This week’s guest for Farm Women Friday is Becky Vanderwende, owner of Little Wagon Produce on the very busy Route 404 in Delaware – a main thoroughfare for Marylanders heading to the Delaware Beaches in the summer. If you’ve driven that way in the summers, you’ve probably seen the big green + white wagons sitting in front of the greenhouse and building. And you’ve probably seen a few vehicles out front, too.
But it didn’t start out like that. “We started the stand because we had an overgrown garden,” Becky tells me. “The kids had a 4-H garden, and we put the excess produce on a little wagon at the end of the lane with a money jar.” Over the last 20+ years, that little wagon has grown into a storage building with walk-in coolers and greenhouses to start their plants in the spring. “We’ve just grown very slowly,” Becky says. “Now we try to add something or improve the stand every year. One year we added some fencing, we’ve paved the entrances, and most recently we added a second cold storage cooler.”
They also participate in local farmers’ markets. Becky has been taking produce to the Milford Farmers’ Market on Saturdays for ten years now. They also bring goodies to the Seaford/Western Sussex and Georgetown markets. There’s been a steady increase in local farmers’ markets in the area, and she’s found a few that fit well with her offerings. “We have people that have started coming to the stand because they’ve seen us at the market, or vice versa.” She certainly has loyal customers, many of which have gotten to watch her family grow up through the years. (Her youngest daughter was only three when they set that first little wagon at the end of the drive.)
What other changes has Becky seen over the years? “We notice when there’s a dip in the economy.” She says people tend to buy different items during an economic downturn. Instead of vegetables, they buy bedding plants in the beginning of the year so they can grow their own. The more decorative items she sells, like mums, hanging baskets, and pumpkins don’t sell as well during those times. Canning is more popular though, so she’ll sell boxes of cucumbers for making pickles and packages of canning tomatoes. “We worried that people wouldn’t come to the beach (their main visitors on the weekends are beachgoers) when gas prices went up and the economy went down, but it actually helped our stand. It seemed that people decided to take short trips to the beach instead of a bigger vacation, to say, Florida.”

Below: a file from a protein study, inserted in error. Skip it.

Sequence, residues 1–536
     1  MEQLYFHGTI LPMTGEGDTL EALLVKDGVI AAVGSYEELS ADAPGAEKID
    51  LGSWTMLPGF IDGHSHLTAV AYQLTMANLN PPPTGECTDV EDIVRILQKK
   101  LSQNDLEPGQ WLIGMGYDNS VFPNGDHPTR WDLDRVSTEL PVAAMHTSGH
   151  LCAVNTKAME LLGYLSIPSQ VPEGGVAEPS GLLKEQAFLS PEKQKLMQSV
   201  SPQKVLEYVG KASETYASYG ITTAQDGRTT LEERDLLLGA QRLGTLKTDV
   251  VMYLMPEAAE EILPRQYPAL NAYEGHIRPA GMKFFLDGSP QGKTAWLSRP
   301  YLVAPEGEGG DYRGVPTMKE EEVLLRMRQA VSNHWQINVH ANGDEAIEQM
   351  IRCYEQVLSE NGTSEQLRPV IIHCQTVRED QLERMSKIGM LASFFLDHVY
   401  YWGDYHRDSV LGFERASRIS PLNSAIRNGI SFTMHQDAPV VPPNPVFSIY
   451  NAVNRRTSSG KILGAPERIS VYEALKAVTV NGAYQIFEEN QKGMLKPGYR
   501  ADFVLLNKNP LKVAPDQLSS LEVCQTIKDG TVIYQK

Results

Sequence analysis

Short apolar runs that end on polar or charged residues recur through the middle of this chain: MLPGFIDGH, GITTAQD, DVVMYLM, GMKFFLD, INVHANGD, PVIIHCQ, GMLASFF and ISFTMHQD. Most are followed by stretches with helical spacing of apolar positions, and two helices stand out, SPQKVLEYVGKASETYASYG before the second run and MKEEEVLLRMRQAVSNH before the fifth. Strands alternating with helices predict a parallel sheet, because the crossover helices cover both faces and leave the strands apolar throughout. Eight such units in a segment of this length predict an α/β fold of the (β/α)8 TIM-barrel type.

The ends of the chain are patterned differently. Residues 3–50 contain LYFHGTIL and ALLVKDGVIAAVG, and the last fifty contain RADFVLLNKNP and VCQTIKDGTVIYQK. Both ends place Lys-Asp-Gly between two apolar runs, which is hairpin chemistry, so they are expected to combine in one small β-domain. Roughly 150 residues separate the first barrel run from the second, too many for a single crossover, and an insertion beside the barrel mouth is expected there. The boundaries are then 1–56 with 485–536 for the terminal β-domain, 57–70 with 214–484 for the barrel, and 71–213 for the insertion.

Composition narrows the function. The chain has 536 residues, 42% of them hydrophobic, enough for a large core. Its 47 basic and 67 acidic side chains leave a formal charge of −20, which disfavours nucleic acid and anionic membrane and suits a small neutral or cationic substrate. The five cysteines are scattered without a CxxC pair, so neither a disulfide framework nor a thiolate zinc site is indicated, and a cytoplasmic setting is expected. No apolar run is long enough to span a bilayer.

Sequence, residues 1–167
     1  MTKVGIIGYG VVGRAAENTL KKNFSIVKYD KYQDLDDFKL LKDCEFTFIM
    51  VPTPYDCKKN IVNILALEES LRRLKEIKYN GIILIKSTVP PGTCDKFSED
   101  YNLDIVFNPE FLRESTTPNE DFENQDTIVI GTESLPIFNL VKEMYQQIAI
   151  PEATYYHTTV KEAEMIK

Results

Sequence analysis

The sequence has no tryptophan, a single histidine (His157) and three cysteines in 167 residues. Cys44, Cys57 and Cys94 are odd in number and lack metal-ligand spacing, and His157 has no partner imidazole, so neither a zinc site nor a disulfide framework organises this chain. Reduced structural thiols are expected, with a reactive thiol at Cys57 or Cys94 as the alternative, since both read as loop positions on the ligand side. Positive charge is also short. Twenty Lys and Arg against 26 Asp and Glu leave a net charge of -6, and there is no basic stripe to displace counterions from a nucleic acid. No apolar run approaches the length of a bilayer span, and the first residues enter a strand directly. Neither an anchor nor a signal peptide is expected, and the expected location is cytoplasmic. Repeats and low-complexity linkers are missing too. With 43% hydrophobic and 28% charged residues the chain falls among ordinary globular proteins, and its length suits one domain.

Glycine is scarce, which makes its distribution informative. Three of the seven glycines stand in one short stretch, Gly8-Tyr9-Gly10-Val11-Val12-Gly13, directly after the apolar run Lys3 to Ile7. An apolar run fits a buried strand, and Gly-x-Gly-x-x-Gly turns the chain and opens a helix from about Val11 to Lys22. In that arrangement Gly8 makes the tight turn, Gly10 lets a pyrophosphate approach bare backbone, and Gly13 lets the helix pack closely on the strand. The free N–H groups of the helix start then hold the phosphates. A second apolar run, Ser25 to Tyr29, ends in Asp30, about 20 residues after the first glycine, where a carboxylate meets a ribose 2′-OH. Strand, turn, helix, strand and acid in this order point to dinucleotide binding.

One question Becky says she hears all the time from customers is, “Is it local?” She’s even had people come who don’t speak English, but know the word “local”. It’s a growing trend in our country, this whole “buying local” thing, but what I find interesting is the definition of local. See, there isn’t one. Most of Becky’s produce is grown right on her farm behind the produce stand, which I think we’ll all agree is local. She gets her melons from the next county over, which I still consider local, but some may disagree. Peaches + apples come from Pennsylvania, and blueberries from Jersey. If it’s out of state, is it still local? I’d argue that it is – or maybe we could call it “regional” produce at that point. Let’s be honest, “out-of-state” in Delaware is likely to be five miles down the road. Regardless of original location, it’s definitely fresh and delicious.